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Burkholderia cenocepacia antimicrobial resistance and physiology at acidic pH in the cystic fibrosis nutritional environment Morales Duran, Laura Daniela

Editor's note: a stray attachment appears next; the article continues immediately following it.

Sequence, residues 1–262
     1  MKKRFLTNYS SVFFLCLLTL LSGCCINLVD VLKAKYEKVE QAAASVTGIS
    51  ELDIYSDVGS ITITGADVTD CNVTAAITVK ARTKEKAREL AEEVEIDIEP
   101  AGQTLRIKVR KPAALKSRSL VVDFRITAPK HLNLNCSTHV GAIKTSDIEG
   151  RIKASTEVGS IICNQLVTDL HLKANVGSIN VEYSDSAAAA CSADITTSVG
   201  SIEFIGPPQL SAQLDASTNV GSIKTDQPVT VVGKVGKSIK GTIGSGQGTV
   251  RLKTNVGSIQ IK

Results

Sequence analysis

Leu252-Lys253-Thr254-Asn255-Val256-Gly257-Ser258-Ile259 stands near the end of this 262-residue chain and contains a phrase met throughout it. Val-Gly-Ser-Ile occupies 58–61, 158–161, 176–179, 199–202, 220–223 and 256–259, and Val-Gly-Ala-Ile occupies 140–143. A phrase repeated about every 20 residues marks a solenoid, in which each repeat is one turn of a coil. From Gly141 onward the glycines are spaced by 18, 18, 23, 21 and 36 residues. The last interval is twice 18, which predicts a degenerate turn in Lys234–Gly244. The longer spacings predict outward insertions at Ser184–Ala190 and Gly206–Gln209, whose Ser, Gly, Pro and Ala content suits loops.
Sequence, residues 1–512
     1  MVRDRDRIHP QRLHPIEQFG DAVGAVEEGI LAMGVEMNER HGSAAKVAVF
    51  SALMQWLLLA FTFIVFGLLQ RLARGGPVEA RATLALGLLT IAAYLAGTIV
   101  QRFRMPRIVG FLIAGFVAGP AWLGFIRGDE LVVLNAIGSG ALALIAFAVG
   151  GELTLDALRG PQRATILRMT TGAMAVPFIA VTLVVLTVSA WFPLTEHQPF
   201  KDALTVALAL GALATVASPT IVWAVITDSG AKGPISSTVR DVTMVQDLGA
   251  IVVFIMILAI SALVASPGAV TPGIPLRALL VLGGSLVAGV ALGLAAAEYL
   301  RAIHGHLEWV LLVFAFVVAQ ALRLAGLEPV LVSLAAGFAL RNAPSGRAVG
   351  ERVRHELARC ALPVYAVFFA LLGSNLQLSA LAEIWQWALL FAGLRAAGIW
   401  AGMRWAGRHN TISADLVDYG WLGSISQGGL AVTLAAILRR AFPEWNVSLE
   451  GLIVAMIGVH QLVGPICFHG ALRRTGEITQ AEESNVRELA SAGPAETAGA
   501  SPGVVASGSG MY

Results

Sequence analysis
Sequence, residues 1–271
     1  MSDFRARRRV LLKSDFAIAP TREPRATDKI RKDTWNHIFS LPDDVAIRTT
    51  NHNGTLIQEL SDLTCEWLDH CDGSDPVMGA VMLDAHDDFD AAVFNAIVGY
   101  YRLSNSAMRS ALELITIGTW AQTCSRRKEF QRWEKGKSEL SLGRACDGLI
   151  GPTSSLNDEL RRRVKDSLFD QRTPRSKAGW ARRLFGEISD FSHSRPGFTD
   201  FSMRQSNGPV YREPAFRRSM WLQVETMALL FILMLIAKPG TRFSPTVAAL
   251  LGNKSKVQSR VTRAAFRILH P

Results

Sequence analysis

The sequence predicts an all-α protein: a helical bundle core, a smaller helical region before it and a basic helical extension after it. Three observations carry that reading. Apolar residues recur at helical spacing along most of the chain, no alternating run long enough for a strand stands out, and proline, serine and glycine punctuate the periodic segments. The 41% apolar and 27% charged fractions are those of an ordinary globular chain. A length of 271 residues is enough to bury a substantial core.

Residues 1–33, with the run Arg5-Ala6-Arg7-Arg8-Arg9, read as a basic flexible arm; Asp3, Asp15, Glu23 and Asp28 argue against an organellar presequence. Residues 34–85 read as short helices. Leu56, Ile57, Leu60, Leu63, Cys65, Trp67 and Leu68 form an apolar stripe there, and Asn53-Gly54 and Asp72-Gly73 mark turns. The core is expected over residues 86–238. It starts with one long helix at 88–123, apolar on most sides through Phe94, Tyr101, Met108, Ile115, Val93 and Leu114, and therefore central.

Burkholderia cenocepacia is an opportunistic pathogen correlated with increased disease severity and mortality in cystic fibrosis (CF) patients. It is resistant to a wide range of disinfectants and antibiotics, and no standard treatment is available to eradicate these infections. Previous analysis of CF sputum showed elevated levels of zinc and iron ions and lower pH (2.9-6.5), compared to healthy individuals. Burkholderia species are abundant in acidic soils and some are heavy-metal resistant. B. cenocepacia grows at acidic pH (~3.5) and persists in acid compartments of amoebas and macrophages. We aimed to understand the impact of acidic pH and increased zinc and iron concentrations on B. cenocepacia physiology and antibiotic resistance. We modified a synthetic cystic fibrosis sputum media (SCFM) to represent the acidic pH and high zinc and iron concentrations found in CF sputum (SCFM-FeZn). We found that elevated iron and acidic pH increased B. cenocepacia growth rate, and more strikingly decreased susceptibility to antimicrobials used clinically to treat CF infections. We studied B. cenocepacia internal pH homeostasis and found that it maintains a neutral internal pH when exposed to mildly acidic external pH (5.50). We also assessed the effect of B. cenocepacia growth on the SCFM external pH. B. cenocepacia cultured at pH 6.8, maintained an external pH of ~6.5, and when culture at pH 5.5, it increased to 6.5. Using comparative transcriptomics and metabolomics analysis, we identified 990 differentially expressed genes, and 23 differentially abundant metabolites in supernatants at acidic compared to neutral pH. Some of these genes and metabolites were involved in aromatic amino acid metabolism. One gene (trpE) with increased expression encodes an enzyme in the tryptophan biosynthesis pathway. A trpE deletion strain showed decreased growth in SCFM-FeZn and was a tryptophan auxotroph. All in all, this work demonstrates that acidic pH in the sputum environment modulates B. cenocepacia antimicrobial susceptibility and triggers molecular mechanisms associated with pathogenicity and virulence. Understanding B. cenocepacia physiology and antimicrobial susceptibility in the CF nutritional environment could help improve susceptibility testing in the clinical environment, and pave the way to design new antimicrobial therapies against B. cenocepacia infections.

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